Prime Minister Antonis Samaras appointed Yannis Stournaras, a prominent economist, former government adviser and outgoing development minister in the caretaker government, to assume the tough post of finance minister, just a few days before a crucial European Union summit in Brussels where Greece’s debt deal with international creditors is expected to be discussed.
The 55-year-old economist is the director of the Foundation for Economic and Industrial Research (IOBE) and has served as adviser to socialist PASOK governments, including that of ex-Premier Costas Simitis, who clinched Greece’s entry into the eurozone. He also has an impressive academic background, serving as research fellow and lecturer at Oxford University and as economics professor at Athens University.
The appointment of Stournaras came a day after the original candidate for the role, National Bank of Greece Chairman Vassilis Rapanos, resigned, saying his health problems would not allow him to undertake the role. Rapanos, 65, was discharged from hospital, where he had been admitted last Friday with stomach pains and nausea.
Stournaras, for his part, pledged “hard work” following talks last night at Samaras’s home — where the premier is recovering from eye surgery — with the three party leaders in the government coalition. Earlier in the day, speaking at a book presentation in central Athens, Stournaras appeared cautiously optimistic despite the challenges. “I think there are possibilities for Greece to emerge from the crisis,” noting also that “Greece has enormous potential.” Sources told Kathimerini that Samaras called him on his cell phone during the presentation to officially offer him the job.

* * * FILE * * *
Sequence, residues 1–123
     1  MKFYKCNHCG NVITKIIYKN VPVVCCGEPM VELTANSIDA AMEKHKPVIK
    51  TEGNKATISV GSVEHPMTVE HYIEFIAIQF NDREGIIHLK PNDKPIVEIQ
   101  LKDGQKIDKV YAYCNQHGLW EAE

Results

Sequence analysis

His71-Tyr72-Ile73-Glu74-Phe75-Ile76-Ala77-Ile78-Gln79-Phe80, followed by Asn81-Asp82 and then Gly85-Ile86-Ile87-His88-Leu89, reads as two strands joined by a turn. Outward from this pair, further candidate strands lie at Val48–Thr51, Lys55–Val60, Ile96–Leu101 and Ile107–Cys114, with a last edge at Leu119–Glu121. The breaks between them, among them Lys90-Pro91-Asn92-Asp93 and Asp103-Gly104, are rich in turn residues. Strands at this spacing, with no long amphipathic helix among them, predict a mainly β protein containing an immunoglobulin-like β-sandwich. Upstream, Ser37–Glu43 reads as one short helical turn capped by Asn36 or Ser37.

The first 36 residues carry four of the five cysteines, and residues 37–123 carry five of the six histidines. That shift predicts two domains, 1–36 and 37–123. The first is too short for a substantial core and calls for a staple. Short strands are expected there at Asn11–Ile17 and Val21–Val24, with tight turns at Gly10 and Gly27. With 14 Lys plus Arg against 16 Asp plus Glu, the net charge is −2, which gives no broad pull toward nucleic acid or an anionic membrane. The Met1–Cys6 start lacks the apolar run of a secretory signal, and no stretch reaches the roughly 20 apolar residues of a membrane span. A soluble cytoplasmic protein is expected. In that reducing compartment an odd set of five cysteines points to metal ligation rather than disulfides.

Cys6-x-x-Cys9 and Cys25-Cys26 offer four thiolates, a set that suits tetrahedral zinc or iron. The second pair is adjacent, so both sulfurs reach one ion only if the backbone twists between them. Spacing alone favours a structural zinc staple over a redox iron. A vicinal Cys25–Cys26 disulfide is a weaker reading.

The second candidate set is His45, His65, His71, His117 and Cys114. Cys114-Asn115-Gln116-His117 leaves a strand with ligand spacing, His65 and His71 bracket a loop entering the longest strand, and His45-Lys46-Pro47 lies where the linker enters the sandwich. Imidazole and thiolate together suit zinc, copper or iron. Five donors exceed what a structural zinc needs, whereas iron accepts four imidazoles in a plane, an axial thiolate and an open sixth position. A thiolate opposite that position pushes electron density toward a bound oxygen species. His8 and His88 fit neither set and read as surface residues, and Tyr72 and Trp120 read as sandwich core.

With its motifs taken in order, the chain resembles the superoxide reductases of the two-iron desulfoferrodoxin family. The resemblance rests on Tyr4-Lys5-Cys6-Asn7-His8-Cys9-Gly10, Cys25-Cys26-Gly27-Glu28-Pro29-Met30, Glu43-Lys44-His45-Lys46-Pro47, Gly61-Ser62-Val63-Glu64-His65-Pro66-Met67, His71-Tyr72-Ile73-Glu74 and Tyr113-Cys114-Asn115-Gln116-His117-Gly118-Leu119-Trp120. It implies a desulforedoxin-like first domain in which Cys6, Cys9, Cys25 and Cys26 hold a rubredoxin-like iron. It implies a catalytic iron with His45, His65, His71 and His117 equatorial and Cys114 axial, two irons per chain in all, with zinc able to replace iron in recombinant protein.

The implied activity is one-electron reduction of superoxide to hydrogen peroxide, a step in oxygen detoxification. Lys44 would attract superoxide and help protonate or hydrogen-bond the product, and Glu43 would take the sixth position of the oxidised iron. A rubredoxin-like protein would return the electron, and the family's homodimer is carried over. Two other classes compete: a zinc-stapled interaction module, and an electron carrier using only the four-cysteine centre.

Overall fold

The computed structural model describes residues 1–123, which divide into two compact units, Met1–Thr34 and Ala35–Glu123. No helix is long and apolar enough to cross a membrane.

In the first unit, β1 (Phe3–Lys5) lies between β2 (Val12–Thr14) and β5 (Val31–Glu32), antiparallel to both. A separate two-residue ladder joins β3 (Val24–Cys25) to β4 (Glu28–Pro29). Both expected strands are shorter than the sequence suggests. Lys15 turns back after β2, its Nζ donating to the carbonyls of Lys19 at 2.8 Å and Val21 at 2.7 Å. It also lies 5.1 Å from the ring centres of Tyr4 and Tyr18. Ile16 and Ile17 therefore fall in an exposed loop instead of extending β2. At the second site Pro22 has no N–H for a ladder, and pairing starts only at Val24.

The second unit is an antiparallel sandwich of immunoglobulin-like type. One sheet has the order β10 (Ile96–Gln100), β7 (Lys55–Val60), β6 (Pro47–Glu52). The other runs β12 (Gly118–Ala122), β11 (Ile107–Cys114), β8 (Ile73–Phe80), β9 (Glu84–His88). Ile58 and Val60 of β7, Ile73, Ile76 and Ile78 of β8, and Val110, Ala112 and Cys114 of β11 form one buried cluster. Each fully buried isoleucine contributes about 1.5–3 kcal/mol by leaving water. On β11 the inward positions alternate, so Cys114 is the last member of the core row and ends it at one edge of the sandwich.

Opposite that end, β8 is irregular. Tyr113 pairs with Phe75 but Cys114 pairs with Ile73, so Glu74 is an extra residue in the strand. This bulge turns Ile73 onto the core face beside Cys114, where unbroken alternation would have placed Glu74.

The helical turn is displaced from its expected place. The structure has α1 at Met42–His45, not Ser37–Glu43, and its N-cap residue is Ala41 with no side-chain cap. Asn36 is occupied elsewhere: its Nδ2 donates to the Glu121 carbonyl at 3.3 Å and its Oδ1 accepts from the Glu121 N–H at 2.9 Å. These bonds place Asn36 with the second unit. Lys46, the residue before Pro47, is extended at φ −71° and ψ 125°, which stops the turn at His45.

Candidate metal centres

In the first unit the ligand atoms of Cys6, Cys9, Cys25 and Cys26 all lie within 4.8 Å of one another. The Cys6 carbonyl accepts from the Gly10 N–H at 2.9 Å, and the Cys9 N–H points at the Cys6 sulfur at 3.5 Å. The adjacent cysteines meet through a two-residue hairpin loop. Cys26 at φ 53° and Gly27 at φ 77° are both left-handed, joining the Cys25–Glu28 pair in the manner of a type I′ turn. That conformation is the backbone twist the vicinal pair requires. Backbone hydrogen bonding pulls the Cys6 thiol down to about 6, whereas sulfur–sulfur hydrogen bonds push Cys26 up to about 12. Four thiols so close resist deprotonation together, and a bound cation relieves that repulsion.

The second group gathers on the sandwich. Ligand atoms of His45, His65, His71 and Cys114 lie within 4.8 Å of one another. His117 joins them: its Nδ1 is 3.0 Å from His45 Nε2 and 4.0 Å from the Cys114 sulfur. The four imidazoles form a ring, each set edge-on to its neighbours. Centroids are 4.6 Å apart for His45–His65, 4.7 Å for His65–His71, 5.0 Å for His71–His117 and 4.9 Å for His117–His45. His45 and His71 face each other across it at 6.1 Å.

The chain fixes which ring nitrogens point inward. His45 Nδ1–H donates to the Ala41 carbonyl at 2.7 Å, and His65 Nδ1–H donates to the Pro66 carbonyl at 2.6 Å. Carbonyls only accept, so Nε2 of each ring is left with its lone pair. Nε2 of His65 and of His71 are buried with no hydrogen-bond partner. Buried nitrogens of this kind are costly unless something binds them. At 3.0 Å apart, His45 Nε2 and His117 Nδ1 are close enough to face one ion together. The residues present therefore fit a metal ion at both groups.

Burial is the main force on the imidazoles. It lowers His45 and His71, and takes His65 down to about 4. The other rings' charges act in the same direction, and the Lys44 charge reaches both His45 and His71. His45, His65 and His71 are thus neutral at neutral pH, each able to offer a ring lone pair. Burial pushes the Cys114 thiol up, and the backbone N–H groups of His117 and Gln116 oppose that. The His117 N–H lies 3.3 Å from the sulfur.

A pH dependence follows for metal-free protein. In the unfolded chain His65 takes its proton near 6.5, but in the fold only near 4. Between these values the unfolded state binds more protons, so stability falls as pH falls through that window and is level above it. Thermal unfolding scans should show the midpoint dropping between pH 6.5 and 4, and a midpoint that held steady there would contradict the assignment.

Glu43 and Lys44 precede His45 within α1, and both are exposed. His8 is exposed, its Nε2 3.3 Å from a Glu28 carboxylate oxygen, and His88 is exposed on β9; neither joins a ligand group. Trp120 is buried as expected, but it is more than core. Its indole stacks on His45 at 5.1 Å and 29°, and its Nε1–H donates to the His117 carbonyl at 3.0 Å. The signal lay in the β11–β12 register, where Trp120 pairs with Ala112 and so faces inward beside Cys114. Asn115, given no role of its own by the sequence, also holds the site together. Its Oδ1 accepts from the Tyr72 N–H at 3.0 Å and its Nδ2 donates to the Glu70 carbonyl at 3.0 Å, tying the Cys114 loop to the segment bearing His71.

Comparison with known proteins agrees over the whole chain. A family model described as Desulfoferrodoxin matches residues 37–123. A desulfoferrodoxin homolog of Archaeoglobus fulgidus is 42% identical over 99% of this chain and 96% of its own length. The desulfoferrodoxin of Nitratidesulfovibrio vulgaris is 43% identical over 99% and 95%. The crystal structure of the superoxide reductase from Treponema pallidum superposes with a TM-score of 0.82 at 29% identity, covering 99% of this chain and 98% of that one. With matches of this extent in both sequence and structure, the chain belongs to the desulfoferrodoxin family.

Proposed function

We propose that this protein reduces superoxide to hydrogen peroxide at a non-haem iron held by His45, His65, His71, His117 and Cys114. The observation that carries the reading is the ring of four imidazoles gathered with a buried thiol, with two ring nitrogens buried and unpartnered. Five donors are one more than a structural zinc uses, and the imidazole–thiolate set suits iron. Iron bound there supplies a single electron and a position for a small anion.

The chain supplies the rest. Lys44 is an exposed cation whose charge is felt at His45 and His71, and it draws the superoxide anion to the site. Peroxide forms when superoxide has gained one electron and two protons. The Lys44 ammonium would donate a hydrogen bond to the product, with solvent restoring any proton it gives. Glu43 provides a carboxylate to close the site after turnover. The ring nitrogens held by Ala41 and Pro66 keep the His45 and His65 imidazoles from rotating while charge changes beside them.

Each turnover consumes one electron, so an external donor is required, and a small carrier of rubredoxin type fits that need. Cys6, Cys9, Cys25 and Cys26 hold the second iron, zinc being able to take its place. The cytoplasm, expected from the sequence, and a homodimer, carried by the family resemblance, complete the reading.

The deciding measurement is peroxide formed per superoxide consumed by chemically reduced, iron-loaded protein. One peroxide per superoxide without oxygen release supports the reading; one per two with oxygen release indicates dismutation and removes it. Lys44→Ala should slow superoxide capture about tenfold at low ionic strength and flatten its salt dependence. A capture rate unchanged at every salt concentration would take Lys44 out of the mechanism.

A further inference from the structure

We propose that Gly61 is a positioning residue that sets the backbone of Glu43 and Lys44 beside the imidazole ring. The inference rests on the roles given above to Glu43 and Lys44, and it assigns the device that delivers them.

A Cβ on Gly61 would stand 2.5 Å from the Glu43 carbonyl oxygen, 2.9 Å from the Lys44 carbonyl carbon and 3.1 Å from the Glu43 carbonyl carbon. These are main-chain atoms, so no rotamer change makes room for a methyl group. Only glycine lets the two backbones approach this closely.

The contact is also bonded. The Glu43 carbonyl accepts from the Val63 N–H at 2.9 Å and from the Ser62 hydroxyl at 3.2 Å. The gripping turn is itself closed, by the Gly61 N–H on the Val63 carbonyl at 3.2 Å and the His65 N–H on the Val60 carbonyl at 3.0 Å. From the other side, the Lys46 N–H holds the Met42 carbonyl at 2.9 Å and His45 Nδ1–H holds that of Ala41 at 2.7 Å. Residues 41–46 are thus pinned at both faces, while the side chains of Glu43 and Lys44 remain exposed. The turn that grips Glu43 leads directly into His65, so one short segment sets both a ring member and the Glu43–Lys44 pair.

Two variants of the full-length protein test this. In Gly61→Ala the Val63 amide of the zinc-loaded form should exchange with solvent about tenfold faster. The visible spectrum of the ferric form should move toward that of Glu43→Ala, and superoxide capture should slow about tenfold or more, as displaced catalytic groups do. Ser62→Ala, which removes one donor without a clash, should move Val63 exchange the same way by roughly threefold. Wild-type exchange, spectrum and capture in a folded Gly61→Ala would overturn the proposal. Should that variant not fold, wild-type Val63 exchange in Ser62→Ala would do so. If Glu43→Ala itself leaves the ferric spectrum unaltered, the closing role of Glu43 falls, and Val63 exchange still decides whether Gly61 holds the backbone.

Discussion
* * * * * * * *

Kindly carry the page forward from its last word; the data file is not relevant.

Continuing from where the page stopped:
It remained unclear when Stournaras would be sworn in, with outgoing Finance Minister Giorgos Zannias expected to represent Greece at the EU summit in Brussels Thursday and Friday as part of a delegation led by President Karolos Papoulias, who is replacing Samaras.
The appointment of Stournaras was not straightforward. He was Samaras’s favored candidate and ultimately was accepted by the PM’s coalition partners, socialist PASOK leader Evangelos Venizelos and Democratic Left chief Fotis Kouvelis, but only after initial reservations, sources said. Both are said to have objected to Samaras’s preference for a technocrat instead of a senior cadre from conservative New Democracy, but conceded that Stournaras has the skills and experience required for the job.